Dominique Rodgers-Cromartie had a fun practice on Saturday. He was running around, yelling at teammates, dancing on the field and even giving some play-by-play of the action. Oh, and he was playing pretty well, too.
As the veteran cornerback enters his fourth season with the Giants, he is an elder statesman on the defense — only Mark Herzlich and Jason Pierre-Paul have been here longer than he has on that side of the ball — and a source of knowledge and energy.
“DRC loves to work,” Ben McAdoo said. “He loves football, loves to practice and not just play in the games. He’s a competitor . . . I think that’s great for us. We’re fortunate to have that.”
Funny. Rodgers-Cromartie thinks he’s the fortunate one.
That’s because his fourth season with the Giants will be a bit of a milestone for him. Despite a productive career and nine seasons in the NFL, this year with the Giants will represent his longest stint with any team since college.
A first-round pick by the Cardinals, he played for Arizona for three seasons, was traded to the Eagles for two, played one year for the Broncos and signed with the Giants in 2014. Even when he was in high school, he played for two different schools.
But now, finally, after all the accomplishments and years of wandering, the vagabond career has found something it was always lacking:
When asked if he feels a sense of relief to finally put down roots with a franchise, Rodgers-Cromartie told Newsday, “It definitely does. I been around for a long time and I don’t have to change up too much, just be myself and play my kind of football. They allow me to do that within the system. I appreciate them.”
That was one of the reasons Rodgers-Cromartie signed with the Giants. They gave him a five-year deal when other teams were less focused on longevity. The duration appealed to Rodgers-Cromartie, even though he knew full well that NFL contracts rarely reach their end.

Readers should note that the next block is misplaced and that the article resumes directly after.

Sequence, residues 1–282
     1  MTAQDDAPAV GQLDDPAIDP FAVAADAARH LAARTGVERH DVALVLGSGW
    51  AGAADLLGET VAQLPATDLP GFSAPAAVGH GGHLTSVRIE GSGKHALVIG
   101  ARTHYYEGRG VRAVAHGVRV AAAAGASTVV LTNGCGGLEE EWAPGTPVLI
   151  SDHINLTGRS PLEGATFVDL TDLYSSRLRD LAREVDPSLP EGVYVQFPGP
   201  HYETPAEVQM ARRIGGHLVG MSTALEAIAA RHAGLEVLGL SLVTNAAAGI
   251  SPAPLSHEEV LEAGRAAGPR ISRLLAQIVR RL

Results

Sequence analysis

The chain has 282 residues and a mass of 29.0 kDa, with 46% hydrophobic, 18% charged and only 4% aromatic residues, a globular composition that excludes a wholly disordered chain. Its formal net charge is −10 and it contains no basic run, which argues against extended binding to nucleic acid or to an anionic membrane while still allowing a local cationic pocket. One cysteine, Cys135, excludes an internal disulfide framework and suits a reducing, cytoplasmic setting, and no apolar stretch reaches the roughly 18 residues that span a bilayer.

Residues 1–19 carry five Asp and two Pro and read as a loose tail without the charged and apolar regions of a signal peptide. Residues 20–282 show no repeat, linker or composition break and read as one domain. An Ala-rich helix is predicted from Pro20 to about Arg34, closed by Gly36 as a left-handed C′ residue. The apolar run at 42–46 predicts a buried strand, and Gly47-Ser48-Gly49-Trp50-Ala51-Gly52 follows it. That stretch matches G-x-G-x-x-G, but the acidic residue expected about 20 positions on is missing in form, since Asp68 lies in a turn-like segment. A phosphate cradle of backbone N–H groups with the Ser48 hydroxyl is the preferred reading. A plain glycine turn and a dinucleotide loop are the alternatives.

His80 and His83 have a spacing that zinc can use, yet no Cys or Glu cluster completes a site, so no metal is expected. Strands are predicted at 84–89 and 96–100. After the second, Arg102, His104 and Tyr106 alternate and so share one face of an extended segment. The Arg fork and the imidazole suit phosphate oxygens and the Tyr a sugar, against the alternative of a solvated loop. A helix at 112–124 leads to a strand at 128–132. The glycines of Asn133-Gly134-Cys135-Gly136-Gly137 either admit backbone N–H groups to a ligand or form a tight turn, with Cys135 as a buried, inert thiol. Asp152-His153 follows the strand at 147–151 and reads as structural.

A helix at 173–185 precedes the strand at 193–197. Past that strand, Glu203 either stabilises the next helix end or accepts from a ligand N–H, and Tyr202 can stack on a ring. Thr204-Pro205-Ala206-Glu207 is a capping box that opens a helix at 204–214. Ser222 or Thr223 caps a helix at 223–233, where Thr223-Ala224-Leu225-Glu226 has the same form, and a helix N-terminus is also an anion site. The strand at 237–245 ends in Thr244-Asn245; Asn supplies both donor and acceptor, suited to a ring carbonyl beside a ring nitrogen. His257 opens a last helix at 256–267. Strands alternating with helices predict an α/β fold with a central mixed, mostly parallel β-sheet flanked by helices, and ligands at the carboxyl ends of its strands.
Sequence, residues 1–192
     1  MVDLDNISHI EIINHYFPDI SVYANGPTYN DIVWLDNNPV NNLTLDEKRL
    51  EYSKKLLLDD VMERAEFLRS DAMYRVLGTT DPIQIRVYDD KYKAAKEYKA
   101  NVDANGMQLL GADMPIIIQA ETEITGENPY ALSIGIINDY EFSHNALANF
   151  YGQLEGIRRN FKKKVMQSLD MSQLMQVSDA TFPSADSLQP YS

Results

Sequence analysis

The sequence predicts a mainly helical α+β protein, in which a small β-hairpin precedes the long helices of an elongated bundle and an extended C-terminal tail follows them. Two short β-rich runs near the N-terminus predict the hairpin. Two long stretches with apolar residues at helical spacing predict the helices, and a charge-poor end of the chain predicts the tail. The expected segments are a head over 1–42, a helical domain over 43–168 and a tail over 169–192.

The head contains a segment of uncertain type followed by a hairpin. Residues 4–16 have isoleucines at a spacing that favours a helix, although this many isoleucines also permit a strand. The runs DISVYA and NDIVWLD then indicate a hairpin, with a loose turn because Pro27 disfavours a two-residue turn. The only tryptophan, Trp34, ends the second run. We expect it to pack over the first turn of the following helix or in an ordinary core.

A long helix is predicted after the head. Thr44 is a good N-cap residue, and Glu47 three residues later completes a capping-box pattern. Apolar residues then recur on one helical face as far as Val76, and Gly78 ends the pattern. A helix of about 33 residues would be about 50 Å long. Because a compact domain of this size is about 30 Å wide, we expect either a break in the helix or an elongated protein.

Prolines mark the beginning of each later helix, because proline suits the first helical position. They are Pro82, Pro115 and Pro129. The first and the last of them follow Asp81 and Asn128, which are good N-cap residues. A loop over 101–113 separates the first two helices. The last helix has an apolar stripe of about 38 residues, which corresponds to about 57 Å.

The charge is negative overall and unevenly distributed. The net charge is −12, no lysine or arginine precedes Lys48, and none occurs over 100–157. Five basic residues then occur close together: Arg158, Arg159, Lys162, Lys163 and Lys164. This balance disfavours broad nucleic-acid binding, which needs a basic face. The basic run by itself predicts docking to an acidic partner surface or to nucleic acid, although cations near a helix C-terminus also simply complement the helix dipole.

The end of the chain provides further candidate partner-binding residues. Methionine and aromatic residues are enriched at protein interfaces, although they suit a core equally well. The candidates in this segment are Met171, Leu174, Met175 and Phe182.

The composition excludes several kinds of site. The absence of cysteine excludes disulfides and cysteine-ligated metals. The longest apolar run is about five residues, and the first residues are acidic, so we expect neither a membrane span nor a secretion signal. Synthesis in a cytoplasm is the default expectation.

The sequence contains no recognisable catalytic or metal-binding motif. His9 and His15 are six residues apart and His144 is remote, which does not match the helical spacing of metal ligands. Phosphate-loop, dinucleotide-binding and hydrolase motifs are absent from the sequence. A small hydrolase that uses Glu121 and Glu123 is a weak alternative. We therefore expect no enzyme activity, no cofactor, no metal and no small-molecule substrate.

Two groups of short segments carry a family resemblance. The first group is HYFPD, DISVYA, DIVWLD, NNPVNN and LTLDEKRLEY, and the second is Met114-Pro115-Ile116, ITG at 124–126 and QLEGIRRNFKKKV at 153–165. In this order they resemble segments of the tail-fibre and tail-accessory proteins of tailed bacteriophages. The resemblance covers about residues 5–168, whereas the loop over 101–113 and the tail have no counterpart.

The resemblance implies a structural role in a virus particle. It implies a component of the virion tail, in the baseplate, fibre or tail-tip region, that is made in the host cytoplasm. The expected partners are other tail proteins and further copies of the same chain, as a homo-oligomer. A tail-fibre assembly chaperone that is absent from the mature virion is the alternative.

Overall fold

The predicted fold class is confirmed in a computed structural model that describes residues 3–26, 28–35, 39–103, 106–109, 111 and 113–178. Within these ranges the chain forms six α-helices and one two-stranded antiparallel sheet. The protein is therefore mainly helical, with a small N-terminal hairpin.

“I didn’t think I’d see all the years that I’ve seen,” he said of his time with the Giants. “But they’re keeping me around, man, so that’s why I’m out here flying around and having fun. Just taking advantage of it.”
That’s because he doesn’t know how much longer it will last. That contract and the salary-cap implications get heavier and heavier each offseason. There was talk this past winter that the Giants might want to relieve some of it by cutting him, even though Rodgers-Cromartie is such a valuable piece of their defense.
His value to the defense showed itself in last season’s playoff loss to the Packers. After Rodgers-Cromartie was injured, the Giants’ secondary played very poorly in the second half.
They have young starting cornerbacks in Eli Apple and Janoris Jenkins on the outside, so Rodgers-Cromartie has developed into such a good slot corner that he went to the Pro Bowl at that position in January.
At age 31, though, he’s starting to feel the effects of his age. While he still wins sprints with teammates — “Every now and then, I’ve got to let them know that,” he said of besting Odell Beckham Jr. and Landon Collins during a conditioning period last week — it’s getting harder and harder to recover after the workouts.
“I’ve got a few left in me, but I can’t pull too much out, so I just give them one,” he said of winning the race. “That’s it.”
Maybe because he’s scarred from so much bouncing around in his career, but it almost sounds as if Rodgers-Cromartie is looking at this season not as a milestone for his longevity with one team but possibly as the end of the road.
That’s an all-too-familiar but unwelcome sensation.
“The thing about football, when you are around guys and you jell and you feel pretty good, then you want to be there,” he said. “And then to get traded or go somewhere with a new team, you have to build that up all over again. It’s hard. It plays on your mind.”
He hasn’t had to do that for a while. He’d prefer never to do it again.
But just in case, he is savoring this experience.
“I’m surrounded by a great group of guys, and I definitely understand that we have the chance to do a lot of great things,” he said. “I’m definitely having fun. I’m going to remember this.”